The Browns have the largest 2014 adjusted salary cap thanks to a league-leading $24.19 million in carryover room. The quarterback position should have a different look in 2014, especially if the Browns take a passer early in the draft. Brian Hoyer, who was a surprise before tearing an ACL in Week 5, is most likely to return. He and Jason Campbell have $250,000 roster bonuses payable by the fifth day of the 2014 league year (March 15) but Hoyer is $1 million cheaper than Campbell with a $1.25 million 2014 salary. Expect the Browns to try to and trade Weeden, who has fully guaranteed base salaries of almost $1.125 million and $1.5 million in 2014 and '15, the last two years of his four-year rookie contract. The Browns could cut their losses with the 22nd overall pick in the 2012 NFL Draft if there aren't any takers. Cleveland's 2014 cap charge for Weeden would increase from approximately $2.2 million to slightly more than $4.775 million primarily because guaranteed base salary accelerates into the current year's salary cap when a player gets released.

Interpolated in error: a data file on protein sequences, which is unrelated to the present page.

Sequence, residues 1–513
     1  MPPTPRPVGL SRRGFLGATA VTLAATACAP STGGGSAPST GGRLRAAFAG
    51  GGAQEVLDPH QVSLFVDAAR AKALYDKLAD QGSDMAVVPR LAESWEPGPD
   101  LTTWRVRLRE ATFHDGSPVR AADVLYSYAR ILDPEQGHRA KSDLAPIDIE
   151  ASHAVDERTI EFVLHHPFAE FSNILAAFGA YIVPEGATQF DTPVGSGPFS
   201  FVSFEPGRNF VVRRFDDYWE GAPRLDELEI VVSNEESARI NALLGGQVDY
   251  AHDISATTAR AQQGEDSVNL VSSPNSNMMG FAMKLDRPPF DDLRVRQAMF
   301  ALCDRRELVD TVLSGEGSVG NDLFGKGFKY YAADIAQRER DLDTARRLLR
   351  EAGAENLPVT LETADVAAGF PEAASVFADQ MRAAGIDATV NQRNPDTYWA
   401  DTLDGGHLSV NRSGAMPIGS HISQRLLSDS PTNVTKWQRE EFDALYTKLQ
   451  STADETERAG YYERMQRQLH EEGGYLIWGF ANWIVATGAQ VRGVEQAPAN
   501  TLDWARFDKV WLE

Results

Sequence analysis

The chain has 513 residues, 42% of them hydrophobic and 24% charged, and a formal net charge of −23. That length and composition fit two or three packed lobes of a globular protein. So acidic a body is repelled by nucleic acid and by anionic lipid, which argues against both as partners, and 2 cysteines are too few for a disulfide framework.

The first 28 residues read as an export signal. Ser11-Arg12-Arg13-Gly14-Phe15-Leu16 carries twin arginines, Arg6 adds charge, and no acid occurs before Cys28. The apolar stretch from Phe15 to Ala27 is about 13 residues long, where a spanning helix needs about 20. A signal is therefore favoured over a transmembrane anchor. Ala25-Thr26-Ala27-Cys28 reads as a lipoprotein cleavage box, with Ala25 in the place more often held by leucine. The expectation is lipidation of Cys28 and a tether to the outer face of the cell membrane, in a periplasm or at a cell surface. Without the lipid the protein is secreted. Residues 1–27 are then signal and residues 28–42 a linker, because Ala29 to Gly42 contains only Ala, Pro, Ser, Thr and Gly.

Center Alex Mack and strong safety T.J. Ward are Cleveland's two best impending free agents. Ward is the more likely franchise tag candidate because Mack would receive a financial windfall. The franchise tag doesn't account for the salary differences at the three main offensive line positions (center, guard and tackle). The offensive lineman franchise number is expected to be slightly over $11 million while only two centers, Ryan Kalil and Nick Mangold, have contracts averaging over $7.5 million per year. The $8 million safety franchise tag number is more indicative of the strong safety marketplace, where Kam Chancellor's $7 million contract extension in April is a recent data point.